The ABA Journal has an article reflecting on what happened to the 150,000 law school grads that never passed the bar.

Turns out that their lives suck for the first five years, but that they eventually bounce back, but never to the degree as their peer:

Jane Yakowitz, director of a project at UCLA law school that studies affirmative action preferences in higher education, summarizes her findings in a new research paper (PDF). She found that five years out of law school, law grads who fail the bar lag behind lawyers in terms of earnings, employment stability, and even marriage and divorce rates. They also do worse than college graduates who never went to law school.

“But after an initial adjustment period, they spring back and out-perform the average college graduate for the later half of their careers,” Yakowitz writes. “Though they never catch up to their lawyer peers, the earnings of the median bar-failer does catch up to the 25th percentile lawyer.”

Ms. Yahowitz’s rightly concludes that it is important to study what happens to those who never pass the bar as they make up a significant portion of students graduating law school.

This void is somewhat understandable. Bar-failers are hard to study. They’re the invisible JDs. They’re less likely to respond to law school alumni surveys, and state bars have little incentive to follow their careers. But bar-failers are difficult to track for the same reasons we ought to make the effort. They make up a significant portion of graduating law school classes, and we don’t know what they do, how many of them there are, and whether their experiences with the bar caused long-lasting detriment to their lives. This is the first serious attempt to understand the impact of failing the bar exam.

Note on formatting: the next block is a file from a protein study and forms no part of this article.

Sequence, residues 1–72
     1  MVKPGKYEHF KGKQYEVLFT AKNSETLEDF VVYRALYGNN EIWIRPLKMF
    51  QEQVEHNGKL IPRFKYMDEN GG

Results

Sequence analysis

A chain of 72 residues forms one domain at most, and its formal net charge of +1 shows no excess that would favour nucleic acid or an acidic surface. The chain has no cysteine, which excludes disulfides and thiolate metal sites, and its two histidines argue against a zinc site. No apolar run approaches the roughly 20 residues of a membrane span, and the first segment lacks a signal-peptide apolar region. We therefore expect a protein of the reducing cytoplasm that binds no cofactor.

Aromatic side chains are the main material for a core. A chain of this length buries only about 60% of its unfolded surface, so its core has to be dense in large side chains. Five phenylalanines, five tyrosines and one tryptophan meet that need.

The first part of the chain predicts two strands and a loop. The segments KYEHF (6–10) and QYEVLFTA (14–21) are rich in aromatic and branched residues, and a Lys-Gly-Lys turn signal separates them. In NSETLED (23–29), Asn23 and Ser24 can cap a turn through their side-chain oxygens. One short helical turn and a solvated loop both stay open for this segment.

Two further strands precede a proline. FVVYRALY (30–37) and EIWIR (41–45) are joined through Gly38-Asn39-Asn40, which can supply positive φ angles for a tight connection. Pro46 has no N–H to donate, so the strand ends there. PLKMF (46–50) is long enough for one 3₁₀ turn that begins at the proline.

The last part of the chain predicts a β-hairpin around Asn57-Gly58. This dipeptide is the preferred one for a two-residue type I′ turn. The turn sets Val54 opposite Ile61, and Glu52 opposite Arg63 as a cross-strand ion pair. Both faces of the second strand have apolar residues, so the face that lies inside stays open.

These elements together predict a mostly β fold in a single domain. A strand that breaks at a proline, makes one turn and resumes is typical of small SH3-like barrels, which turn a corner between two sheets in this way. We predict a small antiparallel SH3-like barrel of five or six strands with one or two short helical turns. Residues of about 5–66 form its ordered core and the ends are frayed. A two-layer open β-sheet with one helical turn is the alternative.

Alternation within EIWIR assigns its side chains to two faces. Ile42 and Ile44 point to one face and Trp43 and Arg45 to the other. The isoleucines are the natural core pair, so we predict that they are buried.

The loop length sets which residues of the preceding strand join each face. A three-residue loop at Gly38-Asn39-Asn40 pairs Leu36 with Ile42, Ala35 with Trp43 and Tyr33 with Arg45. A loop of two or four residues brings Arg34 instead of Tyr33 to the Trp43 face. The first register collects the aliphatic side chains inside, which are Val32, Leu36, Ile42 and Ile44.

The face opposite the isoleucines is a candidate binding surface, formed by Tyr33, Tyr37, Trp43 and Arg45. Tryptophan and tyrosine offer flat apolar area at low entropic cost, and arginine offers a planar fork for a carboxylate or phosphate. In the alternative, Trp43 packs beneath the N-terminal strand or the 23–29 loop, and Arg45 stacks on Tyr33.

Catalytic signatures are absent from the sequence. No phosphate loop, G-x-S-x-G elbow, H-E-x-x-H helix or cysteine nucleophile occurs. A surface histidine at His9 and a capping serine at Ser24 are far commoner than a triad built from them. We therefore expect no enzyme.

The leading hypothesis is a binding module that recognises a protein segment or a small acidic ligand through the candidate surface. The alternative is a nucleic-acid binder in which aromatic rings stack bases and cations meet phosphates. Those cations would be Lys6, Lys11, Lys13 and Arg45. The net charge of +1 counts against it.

I suggest grabbing a cup of coffee and reading the study, The Marooned Law School Graduate: An Empirical Investigation of Law School Graduate that Fail the Bar Exam, in its entirety for there are numerous nuances and items of note. It should give pause to anyone who is considering incurring the substantial debt associated with a J.D.

On page 15 of the study, for instance, Ms. Yahowitz points out that while there continues to be an increase in J.D. degrees, there is not a correlating increase in lawyers:

The decrease in lawyering rates could be a sign that the JD degree has broadened its applicability to other fields, giving law graduates more choice in their career paths. A less optimistic (and, regrettably, more plausible) explanation, borne out by the layoffs and hiring patterns in the legal market today, is that the legal profession was shrinking during a period that legal education continued to expand. (emphasis added)

Law schools MUST address these issues, from the law school graduates who never passes the bar to the lack of jobs upon graduation. It is unconscionable that law schools continue to admit more students than our current marketplace can absorb. These young men and women need this information so that they can choose to make an informed decision before rolling the dice.